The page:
Get out a 13x9-inch baking pan (butter it) and also a larger baking pan that you can use as a bain marie (water bath). Snip the dried apricots into thin strips with scissors, then put them in a smallish bowl with the raisins. Pour boiling water over them to almost cover, cover with a plate, and let sit and soak for 20 minutes or so. In the meantime, get out the bread and butter. Butter each slice of bread fairly generously, stack the slices up, and cut them in half. When your dried fruit looks nice and plump, drain off the water. Now get out your buttered baking dish. Put in a third of the bread slices, buttered side up. Sprinkle them with the dried fruit. Repeat with another third of the bread, the rest of the dried fruit, and the rest of the bread. Maida suggests that you make sure that the top bread is arranged attractively. Maybe you shouldn't put the bread heels on top.
Now make the custard: Pour the milk and cream into a 4-cup Pyrex measure or another microwave-safe vessel. Heat for about 2-3 minutes or until steaming. In the meantime, put your eggs and egg yolks (save your egg whites in case you need to make fluffy white frosting someday...) in a large bowl and whisk them to blend. Add the vanilla, almond, salt, and 1/2 cup sugar, and then gradually whisk in the hot milk/cream. Slowly and evenly pour this mixture over the bread. Then put a piece of waxed paper or plastic wrap on top (I used parchment and the butter stuck to it) and push down the bread so that it all soaks up some custard. Let it sit at least 30 minutes; you could probably refrigerate this overnight and then bake it for a delightful breakfast.
Heat the oven to 325. Remove the paper/plastic from the pudding and sprinkle it with about 2 T. sugar. Put the baking dish in the larger pan. Put both in the oven and then VERY CAREFULLY pour hot/boiling water (I use my boiler for this) into the larger pan, avoiding the bread pudding. The water should be about an inch deep. Bake for about 40 minutes, or until a knife comes out barely dry. Serve hot or warm (or cold for breakfast). Be prepared to defend your serving (or second serving).
Maida suggests this might be served with some warm apricot jam thinned with rum or bourbon, which I did not do but would probably be delightful. If you try this, tell me about it.

Monday, February 15, 2010

If you like molasses....

. . .then you'll love Maida's Shoofly Pie. Actually, you have to LOVE molasses. I think you have to be one of those people who put molasses in your coffee instead of sugar to enjoy this pie.

The one or two followers who actually read this blog will know that there has been a trend: If Maria really doesn't like something, then it is sure that my family will. So we were kind of excited about Shoofly Pie, because Maria really didn't like it. Everytime I looked at the recipe, however, I put it off, because I couldn't imagine what there was to LIKE about this pie, other than maybe the crust. It is 1 cup of molasses and 2/3 cup of brown sugar, mixed with very little else. Sucrose Pie should be the name of it.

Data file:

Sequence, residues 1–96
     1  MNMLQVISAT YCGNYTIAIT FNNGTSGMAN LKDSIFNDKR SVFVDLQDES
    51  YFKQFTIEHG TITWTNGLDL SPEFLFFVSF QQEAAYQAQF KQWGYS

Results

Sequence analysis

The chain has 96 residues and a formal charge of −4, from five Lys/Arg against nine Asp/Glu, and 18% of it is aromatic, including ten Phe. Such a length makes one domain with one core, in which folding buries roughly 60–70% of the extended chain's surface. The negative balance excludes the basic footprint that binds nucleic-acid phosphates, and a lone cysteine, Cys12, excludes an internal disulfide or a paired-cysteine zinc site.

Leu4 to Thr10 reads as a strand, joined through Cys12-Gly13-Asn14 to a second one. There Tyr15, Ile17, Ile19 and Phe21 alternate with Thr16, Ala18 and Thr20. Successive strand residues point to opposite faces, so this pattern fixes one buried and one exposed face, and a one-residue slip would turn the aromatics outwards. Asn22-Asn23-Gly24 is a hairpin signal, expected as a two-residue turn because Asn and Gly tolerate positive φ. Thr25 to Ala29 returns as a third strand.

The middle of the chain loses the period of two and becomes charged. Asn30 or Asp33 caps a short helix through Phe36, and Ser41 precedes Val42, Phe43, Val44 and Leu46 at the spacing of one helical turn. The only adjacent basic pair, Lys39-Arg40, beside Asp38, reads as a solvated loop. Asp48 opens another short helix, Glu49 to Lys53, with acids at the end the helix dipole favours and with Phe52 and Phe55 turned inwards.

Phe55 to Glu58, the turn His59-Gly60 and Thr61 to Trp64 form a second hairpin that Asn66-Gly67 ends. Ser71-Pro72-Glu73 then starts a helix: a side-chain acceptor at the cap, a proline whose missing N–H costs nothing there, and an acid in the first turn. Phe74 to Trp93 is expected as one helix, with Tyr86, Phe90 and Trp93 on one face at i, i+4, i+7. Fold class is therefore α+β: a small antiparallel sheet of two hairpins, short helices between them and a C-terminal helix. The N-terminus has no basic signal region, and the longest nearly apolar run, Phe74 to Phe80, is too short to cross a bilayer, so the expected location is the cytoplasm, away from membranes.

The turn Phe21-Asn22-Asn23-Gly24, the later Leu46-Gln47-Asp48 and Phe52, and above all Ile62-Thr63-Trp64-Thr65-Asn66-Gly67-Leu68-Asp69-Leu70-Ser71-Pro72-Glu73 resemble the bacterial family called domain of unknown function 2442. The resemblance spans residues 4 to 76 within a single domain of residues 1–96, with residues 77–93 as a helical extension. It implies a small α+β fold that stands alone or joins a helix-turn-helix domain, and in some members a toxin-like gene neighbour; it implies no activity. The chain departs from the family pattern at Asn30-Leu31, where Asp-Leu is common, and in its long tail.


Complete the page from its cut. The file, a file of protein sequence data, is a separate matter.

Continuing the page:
On my busy weekend of softball games and harmonica lessons and beautiful San Diego weather to get out and enjoy, I threw together the Shoofly Pie. It is easy to make. The crust took about 5 minutes to mix together and throw into the fridge for chilling, and another 5 minutes to roll out. It did roll out beautifully -- with no cracks or problems. This should have been an indicator to me about how bad it would be. The best pie crusts (i.e the ones that flake like crazy when you bite into the pie) are the ones that are all cracked and falling apart when you try to get them into the pie dish. And the filling was simple as . . . well . . . pie, to throw together. Maybe the phrase "simple as pie" came about from people who made Shoofly Pie -- because I can't really think of any other pie that is so simple to make. Maybe pumpkin pie.

But pumpkin pie tastes good. Shoofly Pie does not. Unless, as I stated above, you LOVE molasses. I like molasses -- I love its taste in gingerbread. But I don't LOVE molasses enough to enjoy this pie. It was so strong that it was actually spicy. It is unbelievably sweet. I could feel my glucose level spiking to unnatural levels while I was eating the pie. This is not a pie for a diabetic.

I was thinking, while I was eating this pie, about Laura Ingalls Wilder. My favorite parts of the Little House books were the parts where she talked about food. I remember all of the food things they ate. And one of the things that they lived for was sugar. They would make a trip into town to buy a small packet of white sugar, which sounded like gold back then. And for Christmas, they would get a small piece of maple sugar, which they savored like there was no tomorrow. That family would have died and gone to heaven if they had this pie.